About $8k is insurance, HOA, and taxes. of the remaining $23k, $9,500 is interest. So $17,500 expenses. You're saying this is the number I should use to calculate my FI number? This would make our total annual expenses $46k, requiring $1.15m at 4% SWR. Or something else?

Yes, that is what I meant. As you pay down the mortgage the amount you're paying in interest will decrease. The idea is that some of your invested assets will go towards principal and once the mortgage is paid off you'll have annual expenses of $36.5k, which will require $913k invested to sustain at 4% SWR. This is just a rough calculation so you could break it down on a spreadsheet to make sure the numbers work out.

Your projected budget looks a little weird to me. Are these based off of actual tracked expenses or just guesses? Some value seem really high and others seem too low. For example, you only expect to spend ~$83/month on utilities? That's about 60% of our costs. But then you're spending about $700/month on food (groceries + restaurants) which is more than double what my wife and I are spending.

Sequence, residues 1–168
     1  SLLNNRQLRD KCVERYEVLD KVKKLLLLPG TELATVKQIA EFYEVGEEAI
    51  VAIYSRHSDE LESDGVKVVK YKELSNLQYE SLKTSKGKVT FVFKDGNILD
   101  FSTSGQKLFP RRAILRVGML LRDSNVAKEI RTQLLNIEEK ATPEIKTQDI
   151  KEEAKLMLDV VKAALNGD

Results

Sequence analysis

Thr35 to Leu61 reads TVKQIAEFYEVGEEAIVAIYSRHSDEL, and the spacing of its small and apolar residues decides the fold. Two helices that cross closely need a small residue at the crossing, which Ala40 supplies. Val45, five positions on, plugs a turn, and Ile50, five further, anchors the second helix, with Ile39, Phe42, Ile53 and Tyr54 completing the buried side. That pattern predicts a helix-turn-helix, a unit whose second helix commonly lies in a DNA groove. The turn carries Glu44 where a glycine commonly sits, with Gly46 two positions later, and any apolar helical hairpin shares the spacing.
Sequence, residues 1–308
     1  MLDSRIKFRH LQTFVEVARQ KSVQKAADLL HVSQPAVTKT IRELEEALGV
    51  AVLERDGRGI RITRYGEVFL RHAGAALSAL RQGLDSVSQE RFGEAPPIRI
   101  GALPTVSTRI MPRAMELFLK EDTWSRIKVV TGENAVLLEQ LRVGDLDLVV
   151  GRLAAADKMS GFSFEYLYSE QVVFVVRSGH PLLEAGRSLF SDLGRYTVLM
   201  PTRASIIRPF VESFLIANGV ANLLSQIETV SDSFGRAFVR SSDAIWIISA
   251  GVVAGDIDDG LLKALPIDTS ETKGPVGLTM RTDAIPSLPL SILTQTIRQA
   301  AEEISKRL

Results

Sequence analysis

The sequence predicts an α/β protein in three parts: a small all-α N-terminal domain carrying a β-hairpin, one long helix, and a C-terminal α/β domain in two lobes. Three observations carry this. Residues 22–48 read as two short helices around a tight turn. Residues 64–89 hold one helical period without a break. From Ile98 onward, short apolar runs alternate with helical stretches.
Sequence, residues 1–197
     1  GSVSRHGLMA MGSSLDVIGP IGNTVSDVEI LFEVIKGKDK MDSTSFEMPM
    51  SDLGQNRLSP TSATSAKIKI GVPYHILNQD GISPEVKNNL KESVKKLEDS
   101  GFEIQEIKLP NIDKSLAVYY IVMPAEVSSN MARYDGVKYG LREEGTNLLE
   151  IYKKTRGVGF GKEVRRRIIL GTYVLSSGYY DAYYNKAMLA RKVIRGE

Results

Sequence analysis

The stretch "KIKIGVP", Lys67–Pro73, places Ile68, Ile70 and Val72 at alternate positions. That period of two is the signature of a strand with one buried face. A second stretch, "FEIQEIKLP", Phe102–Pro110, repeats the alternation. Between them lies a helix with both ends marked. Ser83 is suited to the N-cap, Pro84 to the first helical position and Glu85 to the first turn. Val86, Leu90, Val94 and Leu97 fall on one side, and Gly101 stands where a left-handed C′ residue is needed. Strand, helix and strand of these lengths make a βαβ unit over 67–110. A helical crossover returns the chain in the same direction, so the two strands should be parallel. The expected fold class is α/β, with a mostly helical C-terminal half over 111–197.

diffusate

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Re: Case Study - selling house windfall
« Reply #4 on: February 15, 2018, 09:40:45 AM »
Makes sense!

Utilities are low because it's a small condo, the only costs not covered by the HOA are internet and electricity. Some months it's as low as $60. I know $700 is a bit high, but we prioritize eating well, and are in an urban HCOL area with lots of great restaurants in walking distance (we always take advantage of happy hour deals). This is a prediction not an actual, as we aren't sure how our grocery budget will be impacted by combining assets. There might be some savings here.

waltworks